If you are looking for help training your dog, you definitely want to read this article first! Dog training is an unregulated field. That means the government does not impose specific credentials on dog trainers the way it does on say, teachers and CPAs. That doesn’t mean there aren’t amazing dog trainers out there, because there are. Lots of them! I’d like to include myself on that list as well if it isn’t too much of a brag.

What it does mean, however, is that you have to be careful and do your due diligence when finding and hiring a dog trainer. There are three main dog training styles you will find trainers espousing which I will explain in a minute. Your first task is to choose the one that resonates most with you – and let me be clear that as far as I’m concerned there is only one methodology that is acceptable – then you pursue trainers who train that way.

In the interest of full disclosure, although I use and promote only one style of dog training, I have used all of the methods below. If you want to learn how that went (not great) and how I came to be a – spoiler alert – Positive Reinforcement dog trainer, read all about it in this blog post and on the About page.

Without further ado, here is the #1 Dog Training Method of Top Trainers plus the 2 You Should Never Use



Traditional trainers are just what it sounds like. They are the trainers who think “if it ain’t broke, don’t fix it.” These trainers tend to use force, think electronic shock collars, pinch collars and jerking leash corrections. They may also label dogs as “dominant” which is based on dominance theory developed in the 1970’s and since debunked. They tend to not use treats as rewards and focus instead on punishing failure. Yes, this description is biased. I’m not shy about saying that I do not recommend taking your dog to a traditional trainer. These methods tend to get quick results (you’d stop doing something too if you got shocked every time) but do not garner consistent long term results and can be physically and emotionally damaging to your dog.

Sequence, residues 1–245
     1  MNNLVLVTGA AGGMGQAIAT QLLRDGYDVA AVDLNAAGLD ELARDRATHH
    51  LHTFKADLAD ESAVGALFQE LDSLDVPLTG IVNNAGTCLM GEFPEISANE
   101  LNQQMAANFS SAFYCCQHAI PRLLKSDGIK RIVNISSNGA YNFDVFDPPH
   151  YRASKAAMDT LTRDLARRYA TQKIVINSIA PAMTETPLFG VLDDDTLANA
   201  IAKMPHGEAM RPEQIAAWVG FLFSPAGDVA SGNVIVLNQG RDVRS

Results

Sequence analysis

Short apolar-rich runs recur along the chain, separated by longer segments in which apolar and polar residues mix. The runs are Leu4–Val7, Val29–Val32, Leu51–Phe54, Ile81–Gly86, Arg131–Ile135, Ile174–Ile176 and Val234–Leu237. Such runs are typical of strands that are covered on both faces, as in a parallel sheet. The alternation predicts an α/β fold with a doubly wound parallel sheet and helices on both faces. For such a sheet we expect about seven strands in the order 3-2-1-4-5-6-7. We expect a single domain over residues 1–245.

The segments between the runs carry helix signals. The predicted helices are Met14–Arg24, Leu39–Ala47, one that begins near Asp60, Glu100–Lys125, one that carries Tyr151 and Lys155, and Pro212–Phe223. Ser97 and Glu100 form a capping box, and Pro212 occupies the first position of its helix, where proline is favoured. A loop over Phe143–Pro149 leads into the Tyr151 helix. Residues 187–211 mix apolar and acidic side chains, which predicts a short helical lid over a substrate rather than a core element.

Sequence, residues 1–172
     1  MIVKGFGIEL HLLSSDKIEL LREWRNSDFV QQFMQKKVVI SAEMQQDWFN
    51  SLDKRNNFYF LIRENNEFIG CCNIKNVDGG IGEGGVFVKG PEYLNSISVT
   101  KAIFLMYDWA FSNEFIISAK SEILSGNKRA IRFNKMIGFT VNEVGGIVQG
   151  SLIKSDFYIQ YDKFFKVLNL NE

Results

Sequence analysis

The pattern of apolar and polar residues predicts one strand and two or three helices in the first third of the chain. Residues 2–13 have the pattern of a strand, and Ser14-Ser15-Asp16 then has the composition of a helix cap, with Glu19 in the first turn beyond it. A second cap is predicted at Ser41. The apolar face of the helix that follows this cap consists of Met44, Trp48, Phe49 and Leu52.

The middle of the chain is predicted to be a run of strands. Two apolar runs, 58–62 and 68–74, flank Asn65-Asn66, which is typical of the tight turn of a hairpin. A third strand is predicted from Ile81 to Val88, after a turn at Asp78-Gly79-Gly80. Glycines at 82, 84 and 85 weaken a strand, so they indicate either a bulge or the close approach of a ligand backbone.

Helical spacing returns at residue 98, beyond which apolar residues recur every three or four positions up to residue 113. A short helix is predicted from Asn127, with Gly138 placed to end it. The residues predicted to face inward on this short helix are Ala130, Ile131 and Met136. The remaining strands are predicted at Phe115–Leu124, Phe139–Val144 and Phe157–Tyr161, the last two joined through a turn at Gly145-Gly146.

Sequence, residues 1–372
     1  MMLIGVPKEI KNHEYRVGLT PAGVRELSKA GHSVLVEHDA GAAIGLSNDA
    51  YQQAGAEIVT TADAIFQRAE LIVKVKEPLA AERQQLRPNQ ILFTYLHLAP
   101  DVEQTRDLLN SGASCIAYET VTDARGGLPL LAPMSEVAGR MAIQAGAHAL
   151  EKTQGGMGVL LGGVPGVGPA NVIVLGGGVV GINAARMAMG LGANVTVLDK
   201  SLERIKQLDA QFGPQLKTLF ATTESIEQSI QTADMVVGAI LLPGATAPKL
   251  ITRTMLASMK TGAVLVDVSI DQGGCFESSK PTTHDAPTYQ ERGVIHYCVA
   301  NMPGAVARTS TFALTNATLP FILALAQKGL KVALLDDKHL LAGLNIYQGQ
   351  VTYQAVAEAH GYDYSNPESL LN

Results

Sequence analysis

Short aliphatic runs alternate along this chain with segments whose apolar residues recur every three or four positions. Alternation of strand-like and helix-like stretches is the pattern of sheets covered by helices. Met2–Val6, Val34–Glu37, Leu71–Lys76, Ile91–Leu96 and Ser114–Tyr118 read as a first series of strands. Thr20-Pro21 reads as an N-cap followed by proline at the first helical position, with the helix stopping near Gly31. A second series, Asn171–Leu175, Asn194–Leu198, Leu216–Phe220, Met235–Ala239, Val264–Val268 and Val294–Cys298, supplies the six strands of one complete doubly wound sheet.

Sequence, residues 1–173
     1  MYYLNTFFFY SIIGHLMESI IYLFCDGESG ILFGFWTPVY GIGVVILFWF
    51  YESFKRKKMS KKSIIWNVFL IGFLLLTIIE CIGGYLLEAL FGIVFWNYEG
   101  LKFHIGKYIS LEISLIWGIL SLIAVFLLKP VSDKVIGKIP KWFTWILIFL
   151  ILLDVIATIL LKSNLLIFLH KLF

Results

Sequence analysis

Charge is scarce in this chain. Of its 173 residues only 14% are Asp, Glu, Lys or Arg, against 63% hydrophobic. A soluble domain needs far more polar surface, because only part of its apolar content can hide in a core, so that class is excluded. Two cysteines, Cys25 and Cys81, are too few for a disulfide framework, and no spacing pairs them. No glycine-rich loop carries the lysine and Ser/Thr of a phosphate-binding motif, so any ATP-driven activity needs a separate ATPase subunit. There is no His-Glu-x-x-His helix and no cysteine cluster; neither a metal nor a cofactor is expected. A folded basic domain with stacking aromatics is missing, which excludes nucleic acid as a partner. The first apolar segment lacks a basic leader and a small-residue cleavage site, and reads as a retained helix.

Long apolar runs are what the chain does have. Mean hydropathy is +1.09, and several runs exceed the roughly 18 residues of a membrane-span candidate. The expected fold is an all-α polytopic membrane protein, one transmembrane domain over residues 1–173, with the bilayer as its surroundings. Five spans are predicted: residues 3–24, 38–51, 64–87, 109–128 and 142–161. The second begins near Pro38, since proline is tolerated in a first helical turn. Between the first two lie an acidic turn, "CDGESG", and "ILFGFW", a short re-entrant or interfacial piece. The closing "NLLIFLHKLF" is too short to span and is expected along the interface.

Positive Reinforcement trainers use a completely pain and force free, science based philosophy of training that enables your dog to learn and gain confidence without fear or abuse. Positive Reinforcement trainers base their methods on the newest science into dog learning and behavior. They respect both the dog and the handler and promote strong bonds between you and your dog. Positive Reinforcement trainers combine environmental and behavioral techniques to give clients both immediate and long term results. Yes, I am a Positive Reinforcement trainer and love how smart and capable dogs are. I, like all Positive Reinforcement trainers, use treats, praise and toys as training rewards and encourage dogs to think and make choices. Positive Reinforcement training is the only method I use or recommend.



Balanced trainers claim to use a combination of traditional and positive reinforcement methods. The problem with this is, as any positive reinforcement trainer will tell you, if at any point you use aversive methods in training, you are absolutely not a positive reinforcement trainer. It’s like being just a little bit pregnant. It can’t be done! Balanced trainers will tend to get mixed results because they are using such mixed signals during training sessions. I do not recommend using a so-called balanced trainer.

I’m hoping that you agree with me that Positive Reinforcement training is the only option for you!

Want more tips & treats on dog training? Check this out!